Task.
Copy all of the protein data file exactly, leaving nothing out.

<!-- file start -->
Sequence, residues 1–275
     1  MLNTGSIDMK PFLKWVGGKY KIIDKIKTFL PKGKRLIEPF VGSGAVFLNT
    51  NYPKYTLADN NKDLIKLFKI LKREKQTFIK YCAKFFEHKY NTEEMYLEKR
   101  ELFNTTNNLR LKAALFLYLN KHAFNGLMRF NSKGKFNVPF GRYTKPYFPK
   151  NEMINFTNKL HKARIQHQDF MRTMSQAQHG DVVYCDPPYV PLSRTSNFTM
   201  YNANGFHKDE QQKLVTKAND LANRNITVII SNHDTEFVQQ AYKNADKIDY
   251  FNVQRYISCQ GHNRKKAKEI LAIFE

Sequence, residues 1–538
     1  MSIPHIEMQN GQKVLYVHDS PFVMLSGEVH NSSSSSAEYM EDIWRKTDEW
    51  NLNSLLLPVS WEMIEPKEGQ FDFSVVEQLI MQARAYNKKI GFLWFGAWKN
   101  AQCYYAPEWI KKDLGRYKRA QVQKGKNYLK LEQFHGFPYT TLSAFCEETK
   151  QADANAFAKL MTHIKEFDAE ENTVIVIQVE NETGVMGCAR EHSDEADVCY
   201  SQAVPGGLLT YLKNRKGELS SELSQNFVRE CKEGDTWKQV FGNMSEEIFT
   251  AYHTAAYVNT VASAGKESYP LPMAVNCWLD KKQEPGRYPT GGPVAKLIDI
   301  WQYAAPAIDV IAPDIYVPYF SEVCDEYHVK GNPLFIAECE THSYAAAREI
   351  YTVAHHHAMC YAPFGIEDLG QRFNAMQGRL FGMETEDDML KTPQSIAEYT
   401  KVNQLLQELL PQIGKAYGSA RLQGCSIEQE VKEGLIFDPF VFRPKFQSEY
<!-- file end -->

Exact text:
Sequence, residues 1–275
     1  MLNTGSIDMK PFLKWVGGKY KIIDKIKTFL PKGKRLIEPF VGSGAVFLNT
    51  NYPKYTLADN NKDLIKLFKI LKREKQTFIK YCAKFFEHKY NTEEMYLEKR
   101  ELFNTTNNLR LKAALFLYLN KHAFNGLMRF NSKGKFNVPF GRYTKPYFPK
   151  NEMINFTNKL HKARIQHQDF MRTMSQAQHG DVVYCDPPYV PLSRTSNFTM
   201  YNANGFHKDE QQKLVTKAND LANRNITVII SNHDTEFVQQ AYKNADKIDY
   251  FNVQRYISCQ GHNRKKAKEI LAIFE

Sequence, residues 1–538
     1  MSIPHIEMQN GQKVLYVHDS PFVMLSGEVH NSSSSSAEYM EDIWRKTDEW
    51  NLNSLLLPVS WEMIEPKEGQ FDFSVVEQLI MQARAYNKKI GFLWFGAWKN
   101  AQCYYAPEWI KKDLGRYKRA QVQKGKNYLK LEQFHGFPYT TLSAFCEETK
   151  QADANAFAKL MTHIKEFDAE ENTVIVIQVE NETGVMGCAR EHSDEADVCY
   201  SQAVPGGLLT YLKNRKGELS SELSQNFVRE CKEGDTWKQV FGNMSEEIFT
   251  AYHTAAYVNT VASAGKESYP LPMAVNCWLD KKQEPGRYPT GGPVAKLIDI
   301  WQYAAPAIDV IAPDIYVPYF SEVCDEYHVK GNPLFIAECE THSYAAAREI
   351  YTVAHHHAMC YAPFGIEDLG QRFNAMQGRL FGMETEDDML KTPQSIAEYT
   401  KVNQLLQELL PQIGKAYGSA RLQGCSIEQE VKEGLIFDPF VFRPKFQSEY